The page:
The Atlantic is running a series that “attempt[s] to replicate what the French author Alexis de Tocqueville accomplished in the nineteenth century with his book Democracy in America,” this time through the eyes of Frenchman Bernard-Henri Levy. His interview with Francis Fukuyama reveals an intellectual battle in the neoconservative movement:
Then we start talking about the war in Iraq, which, contrary to my expectations, he, unlike most other neo-conservatives, in fact condemned. We talk about one of his articles, “The Neoconservative Moment,” which he wrote in reaction to a speech given by Charles Krauthammer at the annual dinner of the American Enterprise Institute, and which was published in the summer 2004 issue of the neo-conservative journal The National Interest. This article unleashed one of those vigorous debates Fukuyama seems so good at provoking; barely a dozen pages long, it has his typically provocative, cold tone, and his typically Zen-like way of breaking everything in sight without seeming to touch it.
What’s the reason behind his condemnation of the war? What objection does he really have?
No moral objection; for a Hegelian, such an argument would be nonsensical.
No objection from a strategic point of view; the apostle of the end of history, this man who keeps telling us how the provinces of the empire will be brought into line with the victorious world order, could scarcely disagree with the plan to democratize Iraq.
Certainly not the traditional conservative idea that some cultures are better adapted to freedom than others; I sense that Fukuyama isn’t the least bit torn between two great poles, Irving Kristol and Samuel Huntington—between the ex-leftist who has on the whole remained faithful to the universalism of his youth and the postulator of a clash of civilizations who has great difficulty ridding himself of the stumbling block of relativism—and that it’s the former who remains closer to his heart.
No, his great subject, his chief and indeed only disagreement, has to do with the relationship to time that he thinks he can sense in most of his friends who are unconditional supporters of this war—their misunderstanding of the time it actually takes to build democracy, and hence of opportunity and political tactics.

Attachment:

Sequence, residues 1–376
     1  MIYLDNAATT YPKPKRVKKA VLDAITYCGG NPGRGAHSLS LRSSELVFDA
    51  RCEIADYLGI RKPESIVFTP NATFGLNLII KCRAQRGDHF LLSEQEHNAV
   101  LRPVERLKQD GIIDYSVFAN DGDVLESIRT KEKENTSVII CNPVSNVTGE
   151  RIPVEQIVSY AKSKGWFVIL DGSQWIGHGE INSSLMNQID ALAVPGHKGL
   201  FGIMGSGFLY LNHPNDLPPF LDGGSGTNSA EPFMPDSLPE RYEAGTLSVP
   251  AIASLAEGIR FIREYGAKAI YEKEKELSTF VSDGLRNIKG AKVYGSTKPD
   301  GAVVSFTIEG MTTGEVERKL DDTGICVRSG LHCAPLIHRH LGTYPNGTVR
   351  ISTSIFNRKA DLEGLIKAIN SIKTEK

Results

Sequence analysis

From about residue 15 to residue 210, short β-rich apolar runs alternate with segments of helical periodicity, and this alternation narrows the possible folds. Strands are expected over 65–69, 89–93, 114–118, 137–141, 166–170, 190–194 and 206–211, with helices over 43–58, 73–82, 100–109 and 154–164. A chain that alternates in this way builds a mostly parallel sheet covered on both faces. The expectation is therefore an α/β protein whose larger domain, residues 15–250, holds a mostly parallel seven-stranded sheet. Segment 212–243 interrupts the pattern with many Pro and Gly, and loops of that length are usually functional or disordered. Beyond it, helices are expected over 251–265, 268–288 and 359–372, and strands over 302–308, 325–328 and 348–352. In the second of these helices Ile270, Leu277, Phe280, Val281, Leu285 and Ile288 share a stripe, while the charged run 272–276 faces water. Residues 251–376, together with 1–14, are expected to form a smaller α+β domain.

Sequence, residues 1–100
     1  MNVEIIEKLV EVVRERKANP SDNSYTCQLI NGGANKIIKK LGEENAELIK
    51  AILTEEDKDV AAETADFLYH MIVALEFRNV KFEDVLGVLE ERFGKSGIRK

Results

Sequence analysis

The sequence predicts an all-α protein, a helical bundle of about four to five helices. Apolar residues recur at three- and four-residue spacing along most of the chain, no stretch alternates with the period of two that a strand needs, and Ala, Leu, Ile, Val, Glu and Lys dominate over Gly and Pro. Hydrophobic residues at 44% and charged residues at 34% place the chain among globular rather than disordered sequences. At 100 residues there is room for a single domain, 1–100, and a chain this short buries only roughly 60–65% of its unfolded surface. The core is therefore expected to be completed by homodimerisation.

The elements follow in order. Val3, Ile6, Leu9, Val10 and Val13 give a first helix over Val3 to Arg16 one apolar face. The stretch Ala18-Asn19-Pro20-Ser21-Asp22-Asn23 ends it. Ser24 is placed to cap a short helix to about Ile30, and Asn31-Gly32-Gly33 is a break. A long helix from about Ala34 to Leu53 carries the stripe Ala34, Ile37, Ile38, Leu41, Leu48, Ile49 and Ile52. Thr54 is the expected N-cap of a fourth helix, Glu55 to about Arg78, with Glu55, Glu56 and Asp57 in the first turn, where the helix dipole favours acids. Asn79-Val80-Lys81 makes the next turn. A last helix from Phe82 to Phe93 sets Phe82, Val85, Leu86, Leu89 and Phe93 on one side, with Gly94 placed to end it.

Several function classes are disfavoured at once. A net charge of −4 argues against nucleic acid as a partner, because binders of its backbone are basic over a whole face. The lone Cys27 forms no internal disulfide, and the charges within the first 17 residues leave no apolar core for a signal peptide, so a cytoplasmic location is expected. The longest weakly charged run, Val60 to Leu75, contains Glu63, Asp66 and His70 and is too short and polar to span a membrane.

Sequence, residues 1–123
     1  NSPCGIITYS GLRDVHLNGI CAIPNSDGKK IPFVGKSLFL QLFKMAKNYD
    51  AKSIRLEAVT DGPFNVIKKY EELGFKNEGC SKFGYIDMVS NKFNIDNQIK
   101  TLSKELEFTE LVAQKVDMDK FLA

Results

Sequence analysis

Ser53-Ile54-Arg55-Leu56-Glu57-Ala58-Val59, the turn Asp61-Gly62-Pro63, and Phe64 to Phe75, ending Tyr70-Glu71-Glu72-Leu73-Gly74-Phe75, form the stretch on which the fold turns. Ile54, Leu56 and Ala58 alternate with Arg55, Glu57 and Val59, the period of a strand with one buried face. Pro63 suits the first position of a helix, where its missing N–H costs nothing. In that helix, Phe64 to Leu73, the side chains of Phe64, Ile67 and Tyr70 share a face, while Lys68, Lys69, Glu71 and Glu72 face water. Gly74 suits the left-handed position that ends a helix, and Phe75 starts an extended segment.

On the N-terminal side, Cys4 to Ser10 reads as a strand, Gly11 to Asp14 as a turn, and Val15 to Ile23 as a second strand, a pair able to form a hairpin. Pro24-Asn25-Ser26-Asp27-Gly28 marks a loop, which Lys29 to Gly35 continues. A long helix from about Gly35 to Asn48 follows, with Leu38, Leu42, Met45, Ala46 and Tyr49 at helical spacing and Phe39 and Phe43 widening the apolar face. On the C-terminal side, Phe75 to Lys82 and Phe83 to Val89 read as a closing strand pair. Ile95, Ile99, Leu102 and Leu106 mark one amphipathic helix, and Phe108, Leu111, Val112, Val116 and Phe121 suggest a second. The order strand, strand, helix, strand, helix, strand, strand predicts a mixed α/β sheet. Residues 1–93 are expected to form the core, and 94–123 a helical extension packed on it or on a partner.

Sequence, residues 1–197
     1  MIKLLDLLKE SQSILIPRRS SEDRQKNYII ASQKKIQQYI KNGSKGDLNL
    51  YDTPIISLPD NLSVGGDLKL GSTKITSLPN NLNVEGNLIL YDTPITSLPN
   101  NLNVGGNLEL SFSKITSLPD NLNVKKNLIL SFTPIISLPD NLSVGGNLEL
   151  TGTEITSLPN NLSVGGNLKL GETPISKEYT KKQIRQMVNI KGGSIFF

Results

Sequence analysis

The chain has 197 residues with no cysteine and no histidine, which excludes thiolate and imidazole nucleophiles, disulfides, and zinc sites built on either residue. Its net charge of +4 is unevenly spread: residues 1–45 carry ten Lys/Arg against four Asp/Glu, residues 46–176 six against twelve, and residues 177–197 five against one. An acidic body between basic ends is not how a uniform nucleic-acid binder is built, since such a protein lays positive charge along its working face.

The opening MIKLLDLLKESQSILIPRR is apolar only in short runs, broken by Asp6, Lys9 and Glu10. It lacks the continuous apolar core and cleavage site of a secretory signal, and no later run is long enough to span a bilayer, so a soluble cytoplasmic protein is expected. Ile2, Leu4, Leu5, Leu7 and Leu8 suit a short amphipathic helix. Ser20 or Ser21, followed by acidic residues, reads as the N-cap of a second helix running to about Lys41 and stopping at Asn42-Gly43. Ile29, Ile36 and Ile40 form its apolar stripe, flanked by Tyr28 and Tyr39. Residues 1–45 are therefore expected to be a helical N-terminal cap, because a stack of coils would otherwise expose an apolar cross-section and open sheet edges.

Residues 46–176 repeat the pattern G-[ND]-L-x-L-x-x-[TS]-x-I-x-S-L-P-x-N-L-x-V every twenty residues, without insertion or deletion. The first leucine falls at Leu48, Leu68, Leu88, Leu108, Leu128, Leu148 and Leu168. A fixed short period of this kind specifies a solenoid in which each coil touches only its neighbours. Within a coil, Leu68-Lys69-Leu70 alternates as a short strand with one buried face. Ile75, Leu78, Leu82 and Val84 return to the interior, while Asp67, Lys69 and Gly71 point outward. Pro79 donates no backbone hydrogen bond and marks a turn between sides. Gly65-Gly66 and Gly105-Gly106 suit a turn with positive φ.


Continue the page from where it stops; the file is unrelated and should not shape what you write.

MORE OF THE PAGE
It is here that Fukuyama aims straight for the neoconservative position on gov’t, foreign policy and state-building. Lévy continues:
These people are strange, is the gist of what he says to me.
They’ve spent their whole lives preaching against giving too much power to the government. They told us to beware of the naiveté of the social-engineering specialists who purported to be able to eradicate American poverty with one wave of their political wand. And then they lost all perspective as soon as it was a question of eradicating such poverty, along with the roots of despotism, 6,000 miles away. And they have complete faith in a political decision when it’s an issue—as a nation and a government are being constructed—of winning not just the war but also the peace. And they adopt the same “messianic” tone for which they’ve so often reproached their progressive adversaries as soon as it’s a matter of building a Western-style democracy, ex nihilo, in a country that’s never harbored such a concept!
Odd, this Hegelian who condemns the messianism of others.
Odd, this historicist who used to tell us that the absolute Spirit was about to arrive, and who starts praising the delays and difficulties of post-history.
Paradoxical, the spectacle of this disciple of Kojève, fed on Hegel’s Phenomenology of Spirit and on the prosopopeia of the Idea, reproaching others for their excessive idealism.
But captivating, nonetheless.
First of all because it’s another sign, this time inside a single ideological family, of the intensity, the vigor, the quality, of debate that so struck me during the Democratic and Republican conventions: Hegel plus Leo Strauss … Hegelian providentialism chilled, almost reduced, by the “Greek” skepticism of the author of The City and Man … That is the Fukuyama equation. Those are the metaphysical—thus political—coordinates of this agnostic-universalist, this pessimistic progressive. And it’s more than a variation—it’s actually a new position on the American political chessboard.
But above all I get the impression of finding here the first serious—I mean theoretically articulated—objection to the war. Before that operation was launched, I had written that because it mistook the target, because it was aiming at Iraq instead of worrying, for instance, about Pakistan, it was morally right but politically wrong. Quietly, almost whispering, with that special smile whose very reserve oddly reveals a certain intensity, Fukuyama tells me that these people are to him—theoretician that he is of the inevitable triumph of democratic order—what Lenin was to Marx: by trying to act like angels, behaving as if time were not an issue, they condemn themselves to acting like idiots.
The problem with neo-conservatives is not, as Europeans think, their lack of a moral center or their cynicism. On the contrary, it’s an excess of morals. It’s the victory of mysticism over politics. They’re noble spirits who don’t do enough actual politics.